Meyer''s Bakery, in Little Rock, Ark., has agreed to pay $3.5 million in penalties to settle outstanding claims for violations of the Clean Air Act.
This settlement is the largest settlement in the history of the EPA''s stratospheric ozone protection program.
The stratospheric ozone layer protects the earth from ultraviolet (UV-B) radiation.
This agreement sets a new precedent for EPA enforcement of leak repair regulations at industrial facilities.
"Essentially, Meyer''s Bakery allowed thousands of pounds of refrigerant to leak from appliances without performing required repairs," said John Hankinson Jr., EPA regional administrator in Atlanta. "It is imperative that businesses using these substances manage them responsibly, so that the ozone layer will continue to protect us from harmful ultraviolet radiation."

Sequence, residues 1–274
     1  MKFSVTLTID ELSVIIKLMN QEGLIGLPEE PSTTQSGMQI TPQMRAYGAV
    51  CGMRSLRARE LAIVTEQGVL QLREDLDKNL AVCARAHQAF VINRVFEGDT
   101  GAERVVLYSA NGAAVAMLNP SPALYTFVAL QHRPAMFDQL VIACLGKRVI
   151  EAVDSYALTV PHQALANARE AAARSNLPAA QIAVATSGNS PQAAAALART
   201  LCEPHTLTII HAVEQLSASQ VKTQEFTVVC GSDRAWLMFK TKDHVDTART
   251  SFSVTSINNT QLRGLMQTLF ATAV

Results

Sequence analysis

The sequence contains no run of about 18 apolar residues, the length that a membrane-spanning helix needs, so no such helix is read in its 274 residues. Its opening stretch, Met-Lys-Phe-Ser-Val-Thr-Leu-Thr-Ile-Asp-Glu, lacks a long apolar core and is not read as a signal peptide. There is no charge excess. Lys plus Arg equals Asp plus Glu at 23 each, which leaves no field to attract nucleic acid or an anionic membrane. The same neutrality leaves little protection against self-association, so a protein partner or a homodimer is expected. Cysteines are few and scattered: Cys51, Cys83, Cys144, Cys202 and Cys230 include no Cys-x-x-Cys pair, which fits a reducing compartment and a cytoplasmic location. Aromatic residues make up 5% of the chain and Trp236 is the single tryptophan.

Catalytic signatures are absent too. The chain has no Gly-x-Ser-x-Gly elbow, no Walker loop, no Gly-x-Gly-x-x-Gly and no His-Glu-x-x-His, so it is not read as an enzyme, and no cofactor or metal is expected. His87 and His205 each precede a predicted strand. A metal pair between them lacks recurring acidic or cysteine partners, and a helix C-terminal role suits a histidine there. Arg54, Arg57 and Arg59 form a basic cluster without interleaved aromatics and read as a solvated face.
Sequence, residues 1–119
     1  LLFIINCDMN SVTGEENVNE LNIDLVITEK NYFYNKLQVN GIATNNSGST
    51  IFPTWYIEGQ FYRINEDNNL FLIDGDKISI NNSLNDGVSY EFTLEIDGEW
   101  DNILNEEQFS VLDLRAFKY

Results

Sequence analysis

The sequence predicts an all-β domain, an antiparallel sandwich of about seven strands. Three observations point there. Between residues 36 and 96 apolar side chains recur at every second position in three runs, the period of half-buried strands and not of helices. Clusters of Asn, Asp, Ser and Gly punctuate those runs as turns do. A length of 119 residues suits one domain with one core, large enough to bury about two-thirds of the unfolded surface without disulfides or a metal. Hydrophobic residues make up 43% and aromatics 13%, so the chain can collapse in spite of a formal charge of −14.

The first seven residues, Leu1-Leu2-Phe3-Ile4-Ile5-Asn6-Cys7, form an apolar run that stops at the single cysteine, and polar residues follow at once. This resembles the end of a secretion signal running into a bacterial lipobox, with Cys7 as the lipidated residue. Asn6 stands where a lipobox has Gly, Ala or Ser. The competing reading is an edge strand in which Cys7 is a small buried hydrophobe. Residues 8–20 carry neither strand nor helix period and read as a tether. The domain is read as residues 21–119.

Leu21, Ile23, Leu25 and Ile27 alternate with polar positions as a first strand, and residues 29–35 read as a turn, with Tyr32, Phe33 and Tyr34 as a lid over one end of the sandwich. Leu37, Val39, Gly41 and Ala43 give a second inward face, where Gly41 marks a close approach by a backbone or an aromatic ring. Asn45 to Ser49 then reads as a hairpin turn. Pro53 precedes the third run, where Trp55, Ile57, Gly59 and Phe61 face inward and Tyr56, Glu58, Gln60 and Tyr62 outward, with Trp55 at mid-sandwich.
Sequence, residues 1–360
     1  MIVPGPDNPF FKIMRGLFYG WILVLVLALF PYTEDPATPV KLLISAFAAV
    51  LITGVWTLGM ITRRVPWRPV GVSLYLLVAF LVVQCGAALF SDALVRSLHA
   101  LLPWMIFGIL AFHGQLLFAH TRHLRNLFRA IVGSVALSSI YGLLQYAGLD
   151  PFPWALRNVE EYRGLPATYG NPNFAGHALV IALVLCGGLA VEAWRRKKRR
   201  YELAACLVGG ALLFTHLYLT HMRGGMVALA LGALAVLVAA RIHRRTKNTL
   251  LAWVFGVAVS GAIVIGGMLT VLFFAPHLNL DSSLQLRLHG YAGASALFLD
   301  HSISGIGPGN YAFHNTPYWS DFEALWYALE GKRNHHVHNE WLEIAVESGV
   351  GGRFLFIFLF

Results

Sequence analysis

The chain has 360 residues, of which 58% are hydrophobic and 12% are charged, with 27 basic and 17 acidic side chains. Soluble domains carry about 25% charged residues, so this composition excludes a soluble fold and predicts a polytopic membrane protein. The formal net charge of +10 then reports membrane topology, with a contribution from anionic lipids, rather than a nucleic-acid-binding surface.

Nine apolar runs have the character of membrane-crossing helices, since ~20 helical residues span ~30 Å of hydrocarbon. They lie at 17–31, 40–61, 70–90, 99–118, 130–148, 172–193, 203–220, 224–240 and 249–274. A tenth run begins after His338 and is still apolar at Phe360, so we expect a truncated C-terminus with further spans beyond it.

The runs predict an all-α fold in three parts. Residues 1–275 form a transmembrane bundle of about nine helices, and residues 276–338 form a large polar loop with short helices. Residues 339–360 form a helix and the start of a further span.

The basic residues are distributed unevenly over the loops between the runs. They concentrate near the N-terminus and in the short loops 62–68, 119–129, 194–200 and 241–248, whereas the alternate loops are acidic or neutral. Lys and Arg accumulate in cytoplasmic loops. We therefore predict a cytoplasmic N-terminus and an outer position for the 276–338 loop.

Clean Air Act regulations require certain types of industrial facilities to repair leaks from appliances that exceed a 35 percent annual leak rate.
Meyer''s service logs revealed that Meyer''s Bakery continued to add refrigerant and operate equipment without making repairs even where the leak rates were greater than 58 percent and as high as 22,531 percent.
These high leak rates resulted in the release of thousands of pounds of ozone depleting substances to the atmosphere.
Additionally, Meyer''s did not follow up repairs with leak checks, maintain complete service records or develop a retrofit or replacement plan for these leaky systems.
In comparison, an average home''s air conditioning system holds 7 to 8 pounds of refrigerant. A car''s system holds about 2 pounds.
Meyer''s Bakery is a commercial bakery that produces bread, muffins and other bakery goods for distribution throughout the United States and Canada.
The violations occurred at Meyer''s facilities in: Hope, Ark.; Arizona City, Ariz.; Orlando, Fla.; Wichita, Kan.; and Cleburne, Texas.
by Virginia Sutcliffe